Fighting for Food Safety: Bill Marler’s Personal Quest
What can one lawyer do to change a food safety system that doesn’t do much to keep people safe? If you’re Bill Marler, spend over a half million dollars of your own money funding an independent study to try and make the USDA take action.
Bill Marler is a name people in the food industry game know and, truth be told, may not love. The food safety attorney and advocate first came face-to-face with the devastation caused by the foodborne pathogen Escherichia coli (E. coli) when he represented several of the children sickened or killed by the Jack in the Box outbreak in the early 1990s. That historic tragedy, which made hundreds ill and killed four, brought about a sea change in how the USDA treats food tainted with E. coli 0157:H7.
The problem is that the infamous E. coli O157:H7 isn’t alone in the physical and financial ruin it can cause. There are at least six other toxic strains of E. coli that can make people (particularly children and the elderly) exceedingly ill. Marler wants the government to step up and add protections against these pathogens—before another incident like the one involving Jack in the Box forces them to.
“It is a shame that in 2010, after years and years of outbreaks, there are still lethal strains of E. coli in our food supply that are not regulated by the proper government agency,” said Marler. “E. coli O157:H7 has been considered by the USDA’s Food Safety Inspection Service an adulterant in food since 1994. Sixteen years later, non-O157 strains, which can be just as devastating, are not. The recent outbreak of E. coli O145 in lettuce is proof positive that if it’s in cows, sooner or later it will appear in produce as well.”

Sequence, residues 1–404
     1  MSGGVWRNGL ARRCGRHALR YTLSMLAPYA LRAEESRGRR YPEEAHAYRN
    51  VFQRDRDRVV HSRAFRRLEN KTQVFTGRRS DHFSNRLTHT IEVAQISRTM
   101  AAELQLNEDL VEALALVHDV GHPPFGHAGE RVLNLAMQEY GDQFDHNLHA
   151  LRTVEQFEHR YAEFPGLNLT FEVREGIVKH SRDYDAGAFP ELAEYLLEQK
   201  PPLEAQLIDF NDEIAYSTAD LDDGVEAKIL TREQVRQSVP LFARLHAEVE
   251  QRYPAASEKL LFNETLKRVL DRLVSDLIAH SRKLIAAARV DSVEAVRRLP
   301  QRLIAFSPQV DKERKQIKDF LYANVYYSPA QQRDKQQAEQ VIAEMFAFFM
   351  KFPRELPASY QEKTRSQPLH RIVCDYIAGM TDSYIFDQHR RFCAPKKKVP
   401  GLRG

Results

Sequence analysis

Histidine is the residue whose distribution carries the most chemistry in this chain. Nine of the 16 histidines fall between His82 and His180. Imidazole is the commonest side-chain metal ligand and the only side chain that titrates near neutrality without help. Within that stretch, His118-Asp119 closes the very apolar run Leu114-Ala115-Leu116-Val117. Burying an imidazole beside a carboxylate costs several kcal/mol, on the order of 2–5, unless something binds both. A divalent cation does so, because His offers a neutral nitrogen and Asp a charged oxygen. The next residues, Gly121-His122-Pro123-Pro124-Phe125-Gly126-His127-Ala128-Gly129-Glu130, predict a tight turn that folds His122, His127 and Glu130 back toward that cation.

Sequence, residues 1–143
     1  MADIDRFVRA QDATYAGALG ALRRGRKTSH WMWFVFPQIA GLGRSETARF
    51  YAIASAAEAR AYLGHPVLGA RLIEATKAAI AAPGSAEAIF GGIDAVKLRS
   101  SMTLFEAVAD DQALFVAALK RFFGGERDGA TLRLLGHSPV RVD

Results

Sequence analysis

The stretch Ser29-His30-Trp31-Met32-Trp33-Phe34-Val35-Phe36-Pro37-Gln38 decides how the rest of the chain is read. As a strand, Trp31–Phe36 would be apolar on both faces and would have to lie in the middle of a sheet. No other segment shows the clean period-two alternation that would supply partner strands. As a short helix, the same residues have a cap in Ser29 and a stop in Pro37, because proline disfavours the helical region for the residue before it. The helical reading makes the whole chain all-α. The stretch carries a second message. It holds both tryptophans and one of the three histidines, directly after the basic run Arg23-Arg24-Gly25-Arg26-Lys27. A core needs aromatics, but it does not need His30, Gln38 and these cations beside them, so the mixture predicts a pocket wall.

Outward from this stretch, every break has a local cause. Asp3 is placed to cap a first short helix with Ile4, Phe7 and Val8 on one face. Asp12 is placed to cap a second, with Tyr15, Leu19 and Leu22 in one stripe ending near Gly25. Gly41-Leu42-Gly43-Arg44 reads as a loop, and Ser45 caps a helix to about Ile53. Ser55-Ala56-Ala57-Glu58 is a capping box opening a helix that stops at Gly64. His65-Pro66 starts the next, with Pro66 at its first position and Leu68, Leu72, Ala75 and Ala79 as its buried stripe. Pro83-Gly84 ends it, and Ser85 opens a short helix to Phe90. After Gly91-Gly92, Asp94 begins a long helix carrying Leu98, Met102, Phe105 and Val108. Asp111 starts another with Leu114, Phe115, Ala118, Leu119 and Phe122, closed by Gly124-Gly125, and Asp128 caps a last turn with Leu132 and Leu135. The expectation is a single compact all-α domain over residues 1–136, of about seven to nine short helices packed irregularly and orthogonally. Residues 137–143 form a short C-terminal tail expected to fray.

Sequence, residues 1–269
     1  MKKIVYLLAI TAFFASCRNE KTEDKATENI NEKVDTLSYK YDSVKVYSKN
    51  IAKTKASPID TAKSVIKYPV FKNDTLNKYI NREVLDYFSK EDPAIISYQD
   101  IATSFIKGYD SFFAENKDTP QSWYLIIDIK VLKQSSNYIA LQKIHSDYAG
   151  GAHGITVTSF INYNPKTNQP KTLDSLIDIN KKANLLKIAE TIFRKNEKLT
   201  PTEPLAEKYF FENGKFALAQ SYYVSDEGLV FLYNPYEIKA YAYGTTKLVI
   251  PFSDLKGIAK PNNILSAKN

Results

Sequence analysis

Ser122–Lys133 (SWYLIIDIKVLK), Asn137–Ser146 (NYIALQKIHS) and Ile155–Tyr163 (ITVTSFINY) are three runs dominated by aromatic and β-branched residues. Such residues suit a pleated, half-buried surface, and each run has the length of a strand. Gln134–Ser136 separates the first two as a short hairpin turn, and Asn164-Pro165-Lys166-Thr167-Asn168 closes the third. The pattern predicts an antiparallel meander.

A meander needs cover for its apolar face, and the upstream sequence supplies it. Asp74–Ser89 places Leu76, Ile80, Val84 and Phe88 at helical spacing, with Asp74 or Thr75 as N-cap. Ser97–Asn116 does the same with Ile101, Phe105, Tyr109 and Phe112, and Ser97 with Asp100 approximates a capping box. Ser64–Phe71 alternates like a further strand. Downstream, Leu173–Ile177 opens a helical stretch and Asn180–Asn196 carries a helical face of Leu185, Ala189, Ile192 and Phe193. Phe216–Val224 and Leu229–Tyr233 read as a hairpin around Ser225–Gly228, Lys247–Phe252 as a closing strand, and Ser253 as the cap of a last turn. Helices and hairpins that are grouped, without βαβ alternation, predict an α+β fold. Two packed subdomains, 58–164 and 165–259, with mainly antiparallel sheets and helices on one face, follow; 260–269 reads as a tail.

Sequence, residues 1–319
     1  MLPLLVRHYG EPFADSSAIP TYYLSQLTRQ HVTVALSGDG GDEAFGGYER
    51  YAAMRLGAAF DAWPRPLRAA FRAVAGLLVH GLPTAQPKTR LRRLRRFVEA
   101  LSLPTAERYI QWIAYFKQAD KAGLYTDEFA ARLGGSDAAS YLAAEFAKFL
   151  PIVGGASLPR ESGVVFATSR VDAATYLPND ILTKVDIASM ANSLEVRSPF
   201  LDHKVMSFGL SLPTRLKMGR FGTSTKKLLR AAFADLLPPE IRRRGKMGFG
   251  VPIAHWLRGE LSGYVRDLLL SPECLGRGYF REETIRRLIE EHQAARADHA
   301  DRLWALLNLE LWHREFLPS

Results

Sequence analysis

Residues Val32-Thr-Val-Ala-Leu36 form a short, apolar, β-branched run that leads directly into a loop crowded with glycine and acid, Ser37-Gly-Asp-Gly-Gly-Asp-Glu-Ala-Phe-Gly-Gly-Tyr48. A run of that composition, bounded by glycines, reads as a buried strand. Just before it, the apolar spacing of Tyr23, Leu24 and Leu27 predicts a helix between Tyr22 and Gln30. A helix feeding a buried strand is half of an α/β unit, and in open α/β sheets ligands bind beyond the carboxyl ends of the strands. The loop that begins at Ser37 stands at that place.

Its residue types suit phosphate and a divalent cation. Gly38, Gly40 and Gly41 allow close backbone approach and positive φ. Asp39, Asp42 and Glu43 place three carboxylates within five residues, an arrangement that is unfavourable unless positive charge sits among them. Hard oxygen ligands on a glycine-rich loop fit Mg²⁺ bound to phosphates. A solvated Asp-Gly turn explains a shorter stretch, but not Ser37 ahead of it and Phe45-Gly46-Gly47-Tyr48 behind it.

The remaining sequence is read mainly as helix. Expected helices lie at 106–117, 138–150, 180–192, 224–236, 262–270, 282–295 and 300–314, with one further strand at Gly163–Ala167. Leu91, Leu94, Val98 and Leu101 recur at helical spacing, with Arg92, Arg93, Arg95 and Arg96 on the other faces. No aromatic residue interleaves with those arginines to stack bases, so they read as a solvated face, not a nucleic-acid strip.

This distinction means variants of non-O157 strains of E. coli are not regulated or even regularly tested for in the nation’s meat supply. While there are literally hundreds of strains of E. coli living in the intestines of healthy cattle, there are six—identified by the Centers for Disease Control and Prevention—that, in addition to O157—produce Shiga toxin, which can cause kidney failure.
After being contacted by the family of a 13-year-old girl who died from a non-regulated strain of E. coli and overwhelmed by the mounting evidence, Marler (who was on the short list for the job of Undersecretary of Food Safety for the USDA), decided to fund his own study to test how common non-O157 contamination is in the retail ground beef supply.
What he found was staggering and should scare anyone who eats beef.
While full results will be available later this year, tests from the last year and a half from over 4,600 samples from around the country have found that a full 1% are tainted with non-O157 adulterants. Considering the thousands of tons of ground beef consumed in the U.S. each year, this number is potentially devastating.
With this data in hand, Marler with backing of his firm Marler Clark, filed a Petition with the USDA/FSIS to get them to recognize and regulate non-O157 serotypes of E. coli as adulterants. While they have acknowledged that the petition is under review, no immediate action by FSIS has been taken.
Marler isn’t the only person concerned by the FSIS inaction. In April, New York Senator Kirsten Gillibrand penned a letter to USDA secretary Tom Vilsack urging him to respond formally to Marler’s petition as well as one submitted by consumer advocacy group Safe Tables Our Priority (STOP).
Via a press release Gillibrand said, “ The laws that are meant to keep us safe from hazardous foods are in critical need of updating. We need immediate action to keep our families safe.”
STOP laid out the ultimate goal succinctly in their petition by urging FSIS to declare “disease-causing E. coli’s other than O157:H7 as adulterants in beef and begin testing for them.”
The CDC says that E. coli O157:H7 causes 73, 000 illnesses a year. The six non-O157 strains are estimated to sicken an additional 37,000 people a year and kill 30. However, the truth is though no one knows for sure because most of the labs used to test for foodborne pathogens don’t test for anything other than O157:H7.
“It is well past time for the USDA to declare that all Shiga-toxin producing strains of E. coli are adulterants and ban them from our food supply,” said Marler.